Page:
Some queries about... occlusion queries!

Most of the examples I can find of occlusion queries check the occlusion of each object each frame and then act on that the next to prevent stalling the pipeline (I can understand this; if you ask for the number of pixels you have to wait for the number to be generated) but when they are occluded, the object is replaced by its bounding box (with the colour and depth masks preventing rendering) and if any of that is visible the object is rendered.

This, to me, presents a problem; if the object becomes occluded, but its bounding box (by nature, filling more volume) is not, does this not mean that it will become visible and invisible every frame as it is made visible, occluded, invisible, bounding box not occluded, made visible, occluded, invisible, bounding box not occluded, and so on, which would lead to an uneven and unstable framerate?

I see your point. Yes, as far as I see, it can lead to a bit unstable framerate.

How many objects in a scene would go in this ‘unstable’ group? No need to panic if the number is small (5-10%).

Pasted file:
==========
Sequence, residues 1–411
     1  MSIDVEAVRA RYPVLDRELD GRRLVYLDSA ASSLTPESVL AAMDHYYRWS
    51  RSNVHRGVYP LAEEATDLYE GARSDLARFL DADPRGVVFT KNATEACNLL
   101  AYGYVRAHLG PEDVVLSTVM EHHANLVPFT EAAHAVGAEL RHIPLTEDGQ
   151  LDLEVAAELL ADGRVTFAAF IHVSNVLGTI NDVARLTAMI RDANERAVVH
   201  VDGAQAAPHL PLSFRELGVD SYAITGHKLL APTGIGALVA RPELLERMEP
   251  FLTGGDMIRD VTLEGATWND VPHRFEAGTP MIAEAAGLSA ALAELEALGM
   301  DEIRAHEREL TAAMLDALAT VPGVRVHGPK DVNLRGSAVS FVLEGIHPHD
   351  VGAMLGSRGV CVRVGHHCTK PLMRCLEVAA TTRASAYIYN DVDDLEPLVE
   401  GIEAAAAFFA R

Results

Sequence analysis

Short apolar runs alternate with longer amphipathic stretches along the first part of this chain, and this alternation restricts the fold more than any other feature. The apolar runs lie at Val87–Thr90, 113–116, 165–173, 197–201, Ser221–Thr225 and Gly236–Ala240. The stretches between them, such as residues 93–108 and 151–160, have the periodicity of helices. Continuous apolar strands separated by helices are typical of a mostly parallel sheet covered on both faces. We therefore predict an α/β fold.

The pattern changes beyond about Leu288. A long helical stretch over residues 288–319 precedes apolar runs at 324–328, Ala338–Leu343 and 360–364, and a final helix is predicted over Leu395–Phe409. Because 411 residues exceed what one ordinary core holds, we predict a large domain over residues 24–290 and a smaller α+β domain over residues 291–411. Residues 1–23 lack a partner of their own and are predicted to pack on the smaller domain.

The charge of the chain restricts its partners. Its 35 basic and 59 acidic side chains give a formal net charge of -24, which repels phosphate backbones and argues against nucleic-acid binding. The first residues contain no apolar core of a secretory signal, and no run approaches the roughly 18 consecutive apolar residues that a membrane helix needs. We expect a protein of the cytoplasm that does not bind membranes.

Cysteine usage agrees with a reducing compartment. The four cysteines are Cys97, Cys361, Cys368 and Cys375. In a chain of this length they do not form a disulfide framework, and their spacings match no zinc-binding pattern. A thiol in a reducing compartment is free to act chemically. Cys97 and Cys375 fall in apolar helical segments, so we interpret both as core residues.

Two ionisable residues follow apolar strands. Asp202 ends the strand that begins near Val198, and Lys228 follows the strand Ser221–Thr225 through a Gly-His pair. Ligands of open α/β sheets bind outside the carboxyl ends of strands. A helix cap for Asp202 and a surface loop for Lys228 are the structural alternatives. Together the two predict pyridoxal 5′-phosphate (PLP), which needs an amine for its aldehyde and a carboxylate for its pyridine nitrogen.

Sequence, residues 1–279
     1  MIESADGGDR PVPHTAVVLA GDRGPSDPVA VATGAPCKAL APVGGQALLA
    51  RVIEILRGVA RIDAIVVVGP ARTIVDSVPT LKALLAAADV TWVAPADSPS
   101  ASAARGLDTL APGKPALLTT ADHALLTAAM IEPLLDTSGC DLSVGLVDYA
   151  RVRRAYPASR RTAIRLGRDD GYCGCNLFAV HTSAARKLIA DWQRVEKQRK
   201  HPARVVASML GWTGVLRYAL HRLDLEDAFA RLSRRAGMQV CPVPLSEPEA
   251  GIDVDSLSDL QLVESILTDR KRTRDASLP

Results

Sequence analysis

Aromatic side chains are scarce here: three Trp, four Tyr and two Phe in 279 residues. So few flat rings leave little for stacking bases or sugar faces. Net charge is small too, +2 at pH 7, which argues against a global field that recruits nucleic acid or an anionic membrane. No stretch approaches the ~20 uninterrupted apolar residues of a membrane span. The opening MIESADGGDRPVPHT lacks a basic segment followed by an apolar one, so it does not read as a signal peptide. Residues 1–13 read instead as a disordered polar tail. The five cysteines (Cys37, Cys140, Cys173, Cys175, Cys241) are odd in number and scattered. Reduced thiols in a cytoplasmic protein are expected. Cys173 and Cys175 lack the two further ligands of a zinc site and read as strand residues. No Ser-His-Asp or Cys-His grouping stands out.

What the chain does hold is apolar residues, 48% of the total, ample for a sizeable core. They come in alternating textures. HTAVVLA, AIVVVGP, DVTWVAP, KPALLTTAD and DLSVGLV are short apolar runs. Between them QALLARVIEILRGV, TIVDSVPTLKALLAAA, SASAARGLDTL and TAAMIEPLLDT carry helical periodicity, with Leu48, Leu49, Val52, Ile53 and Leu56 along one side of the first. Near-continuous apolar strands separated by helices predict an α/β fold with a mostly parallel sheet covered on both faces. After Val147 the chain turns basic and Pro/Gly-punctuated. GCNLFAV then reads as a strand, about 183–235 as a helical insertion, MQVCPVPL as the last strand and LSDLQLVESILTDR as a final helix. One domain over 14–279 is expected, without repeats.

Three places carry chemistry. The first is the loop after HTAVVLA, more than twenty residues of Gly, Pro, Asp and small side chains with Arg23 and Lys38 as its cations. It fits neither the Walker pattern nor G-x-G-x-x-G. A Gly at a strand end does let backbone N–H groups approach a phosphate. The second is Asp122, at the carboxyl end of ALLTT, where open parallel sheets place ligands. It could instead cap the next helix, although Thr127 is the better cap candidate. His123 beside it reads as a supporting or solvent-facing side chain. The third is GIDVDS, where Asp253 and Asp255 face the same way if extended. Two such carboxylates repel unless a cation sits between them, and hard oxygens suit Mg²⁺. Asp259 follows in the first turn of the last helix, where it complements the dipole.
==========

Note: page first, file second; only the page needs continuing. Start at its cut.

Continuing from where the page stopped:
So the issue is real and there’s no solution to it? 5-10% IS quite a lot, especially if you don’t have spare fillrate, and it would create a jerk on every second frame that would create the impression of a lower overall framerate.

vsync or bust.
5-10% is not a lot, when users disable vsync. Low-end users are used to spikes between 10 and 80fps, highend users are used to spikes between 80 and 300 fps.

It’s absolutely impossible to make each frame render exactly as quickly as the others, when the camera moves. Camera looks up: 10 objects, camera looks forward: 4000 objects.
Even if you’re coding for a set-in-stone platform (console), you plan the headroom, and via a play-through performance test check whether parts of the scene need to be simplified to meet the vsync.